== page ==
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Saheed Oladosu
Saheed Oladosu

Posted on • Originally published at oladosu777.Medium

An Introduction to Container and Containerization

Before I jump into what container means and how containerization improves modern-day application deployment. The default way to deploy an application was on its own physical computer. To set one up, you would find some;

• Physical space,
• Power,
• Cooling,
• Network connectivity,
• Install an operating system,
• Any software dependencies, and
• The application itself.
If you need more processing power, redundancy, security, or scalability, what would you do?

Well, you would have to add more computers. It was very common for each computer to have a single purpose. For example database, web server, or content delivery.

This practice, as you might imagine, wasted resources, and took a lot of time to deploy, maintain, and scale. It also was not very portable. Applications were built for a specific operating system and sometimes even for the specific hardware as well.

In comes the dawn of virtualization. Virtualization helped by making it possible to run many virtual servers and operating systems on the same physical computer. A hypervisor is the software layer that breaks the dependencies of an operating system with its underlying hardware and allows several virtual machines to share that same hardware. KVM is one well‑known hypervisor.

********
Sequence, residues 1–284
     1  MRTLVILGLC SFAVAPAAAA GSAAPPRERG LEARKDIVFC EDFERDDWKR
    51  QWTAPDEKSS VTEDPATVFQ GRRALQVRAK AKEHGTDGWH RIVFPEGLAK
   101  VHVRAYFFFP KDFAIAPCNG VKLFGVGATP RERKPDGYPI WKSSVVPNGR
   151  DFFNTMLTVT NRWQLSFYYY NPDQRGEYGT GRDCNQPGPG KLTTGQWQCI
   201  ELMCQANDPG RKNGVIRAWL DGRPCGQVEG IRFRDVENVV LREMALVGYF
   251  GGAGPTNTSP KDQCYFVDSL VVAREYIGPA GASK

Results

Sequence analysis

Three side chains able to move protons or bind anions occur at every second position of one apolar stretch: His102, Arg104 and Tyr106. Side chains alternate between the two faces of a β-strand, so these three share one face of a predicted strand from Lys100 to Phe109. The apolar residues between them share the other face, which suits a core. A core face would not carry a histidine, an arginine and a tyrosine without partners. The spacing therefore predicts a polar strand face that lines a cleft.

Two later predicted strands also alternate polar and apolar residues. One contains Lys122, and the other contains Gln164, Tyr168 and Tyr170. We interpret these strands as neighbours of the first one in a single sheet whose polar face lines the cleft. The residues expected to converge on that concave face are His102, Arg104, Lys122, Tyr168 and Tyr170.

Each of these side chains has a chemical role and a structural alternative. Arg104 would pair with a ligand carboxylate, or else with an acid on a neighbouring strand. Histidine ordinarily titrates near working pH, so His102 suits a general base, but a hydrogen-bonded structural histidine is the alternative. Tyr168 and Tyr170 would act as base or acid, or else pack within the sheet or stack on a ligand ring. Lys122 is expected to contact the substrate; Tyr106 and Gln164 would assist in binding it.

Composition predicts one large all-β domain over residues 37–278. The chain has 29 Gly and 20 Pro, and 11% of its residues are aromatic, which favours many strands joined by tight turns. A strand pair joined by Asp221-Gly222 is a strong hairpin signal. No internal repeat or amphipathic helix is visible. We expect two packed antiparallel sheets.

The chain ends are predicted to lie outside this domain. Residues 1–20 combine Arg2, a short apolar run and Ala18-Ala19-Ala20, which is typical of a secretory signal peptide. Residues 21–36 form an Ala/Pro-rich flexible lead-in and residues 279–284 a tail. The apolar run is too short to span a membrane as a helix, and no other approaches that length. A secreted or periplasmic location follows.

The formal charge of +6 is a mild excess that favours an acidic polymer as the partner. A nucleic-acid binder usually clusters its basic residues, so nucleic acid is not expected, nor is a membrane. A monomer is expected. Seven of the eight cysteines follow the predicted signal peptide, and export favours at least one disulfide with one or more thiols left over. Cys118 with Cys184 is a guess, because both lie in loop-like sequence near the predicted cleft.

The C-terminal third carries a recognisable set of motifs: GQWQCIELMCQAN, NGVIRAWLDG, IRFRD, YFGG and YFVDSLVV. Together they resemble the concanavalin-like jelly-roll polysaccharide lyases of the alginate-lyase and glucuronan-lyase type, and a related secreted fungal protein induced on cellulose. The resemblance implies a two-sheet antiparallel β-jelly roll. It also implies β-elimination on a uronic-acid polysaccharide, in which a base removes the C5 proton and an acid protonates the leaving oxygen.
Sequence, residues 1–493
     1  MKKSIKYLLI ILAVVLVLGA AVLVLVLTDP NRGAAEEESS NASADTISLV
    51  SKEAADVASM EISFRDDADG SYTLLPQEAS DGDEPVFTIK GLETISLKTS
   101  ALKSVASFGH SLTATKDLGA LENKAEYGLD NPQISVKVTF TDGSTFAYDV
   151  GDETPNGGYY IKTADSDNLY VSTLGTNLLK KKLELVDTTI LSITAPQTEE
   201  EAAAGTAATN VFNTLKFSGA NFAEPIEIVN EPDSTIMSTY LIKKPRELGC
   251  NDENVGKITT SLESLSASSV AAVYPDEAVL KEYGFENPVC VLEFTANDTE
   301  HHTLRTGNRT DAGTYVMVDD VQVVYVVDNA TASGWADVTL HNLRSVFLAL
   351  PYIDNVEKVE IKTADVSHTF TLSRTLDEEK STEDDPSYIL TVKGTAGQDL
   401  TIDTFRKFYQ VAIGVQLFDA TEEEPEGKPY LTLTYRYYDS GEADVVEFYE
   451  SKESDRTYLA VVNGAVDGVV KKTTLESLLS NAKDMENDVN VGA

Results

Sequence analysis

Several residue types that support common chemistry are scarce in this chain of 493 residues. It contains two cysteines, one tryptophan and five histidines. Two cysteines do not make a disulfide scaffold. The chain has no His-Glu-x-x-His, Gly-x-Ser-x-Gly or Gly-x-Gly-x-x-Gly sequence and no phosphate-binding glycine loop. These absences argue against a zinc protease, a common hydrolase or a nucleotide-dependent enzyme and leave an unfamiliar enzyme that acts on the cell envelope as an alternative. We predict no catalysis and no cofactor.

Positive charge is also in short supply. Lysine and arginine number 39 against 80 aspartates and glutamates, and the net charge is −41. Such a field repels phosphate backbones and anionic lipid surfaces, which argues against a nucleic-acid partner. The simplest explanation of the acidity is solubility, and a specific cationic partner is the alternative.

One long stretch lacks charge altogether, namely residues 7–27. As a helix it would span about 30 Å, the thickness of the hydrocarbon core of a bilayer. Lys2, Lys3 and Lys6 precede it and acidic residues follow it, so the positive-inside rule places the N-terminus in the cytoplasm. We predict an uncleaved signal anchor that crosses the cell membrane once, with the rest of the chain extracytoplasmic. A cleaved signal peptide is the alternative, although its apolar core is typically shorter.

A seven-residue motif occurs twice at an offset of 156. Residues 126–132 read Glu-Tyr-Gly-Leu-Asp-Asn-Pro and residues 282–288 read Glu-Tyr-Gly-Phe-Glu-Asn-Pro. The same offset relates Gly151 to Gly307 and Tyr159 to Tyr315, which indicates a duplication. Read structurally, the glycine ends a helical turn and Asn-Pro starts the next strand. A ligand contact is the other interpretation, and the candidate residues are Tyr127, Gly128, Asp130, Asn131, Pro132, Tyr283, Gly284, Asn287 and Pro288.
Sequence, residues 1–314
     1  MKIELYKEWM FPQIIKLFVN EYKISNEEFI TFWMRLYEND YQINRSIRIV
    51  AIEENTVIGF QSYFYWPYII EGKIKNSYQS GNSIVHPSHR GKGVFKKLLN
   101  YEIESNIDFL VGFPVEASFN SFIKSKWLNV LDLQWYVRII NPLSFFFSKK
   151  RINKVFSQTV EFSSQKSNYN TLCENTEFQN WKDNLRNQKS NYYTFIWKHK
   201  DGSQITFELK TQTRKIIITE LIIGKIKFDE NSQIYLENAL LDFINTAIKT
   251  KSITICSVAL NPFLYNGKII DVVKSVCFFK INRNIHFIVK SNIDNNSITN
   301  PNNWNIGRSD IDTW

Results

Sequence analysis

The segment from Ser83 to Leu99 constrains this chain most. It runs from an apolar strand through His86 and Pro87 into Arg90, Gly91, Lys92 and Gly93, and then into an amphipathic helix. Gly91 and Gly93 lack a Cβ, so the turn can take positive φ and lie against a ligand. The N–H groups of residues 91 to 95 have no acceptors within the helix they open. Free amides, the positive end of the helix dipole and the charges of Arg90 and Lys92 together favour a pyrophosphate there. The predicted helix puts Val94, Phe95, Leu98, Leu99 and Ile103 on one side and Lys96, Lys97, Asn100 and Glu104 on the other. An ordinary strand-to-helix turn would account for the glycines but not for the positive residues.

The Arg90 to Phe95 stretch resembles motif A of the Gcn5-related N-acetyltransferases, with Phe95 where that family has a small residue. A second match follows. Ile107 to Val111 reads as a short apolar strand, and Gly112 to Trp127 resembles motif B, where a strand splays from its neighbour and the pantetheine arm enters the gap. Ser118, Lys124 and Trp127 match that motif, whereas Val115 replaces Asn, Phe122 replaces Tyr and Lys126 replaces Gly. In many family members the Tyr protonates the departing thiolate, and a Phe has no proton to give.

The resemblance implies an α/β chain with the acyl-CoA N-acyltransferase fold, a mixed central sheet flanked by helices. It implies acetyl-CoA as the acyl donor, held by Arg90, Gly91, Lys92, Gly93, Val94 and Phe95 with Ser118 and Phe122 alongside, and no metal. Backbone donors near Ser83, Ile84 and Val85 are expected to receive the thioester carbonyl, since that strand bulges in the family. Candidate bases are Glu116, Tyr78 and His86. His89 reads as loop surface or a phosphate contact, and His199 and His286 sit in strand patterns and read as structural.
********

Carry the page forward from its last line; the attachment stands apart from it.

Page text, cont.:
Today, you can use virtualization to deploy a new service quickly. Now adopting virtualization means that it takes us less time to deploy new solutions. We waste less of the resources on those physical computers that we are using. We get some improved portability because virtual machines can be imaged and then moved around.

However, the application, all its dependencies, and operating system are still bundled together. It is not very easy to move from a VM from one hypervisor product to another. Every time you start up a VM, its operating system still takes time to boot up.
Running multiple applications within a single VM also creates another tricky problem. Applications that share dependencies are not isolated from each other. The resource requirements from one application can starve out other applications of the resources that they need.

A dependency upgrade for one application might cause another to stop working. You can try to solve this problem with rigorous software engineering policies. For example, you could lock down the dependencies that no application can make changes to. But this leads to new problems because dependencies do need to be upgraded occasionally.

You can add integration tests to ensure that applications work. Integration tests are great, but dependency problems can cause new failure modes that are hard to troubleshoot. It really slows down development if you must rely on integration tests to just perform basic integrity checks of your application environment.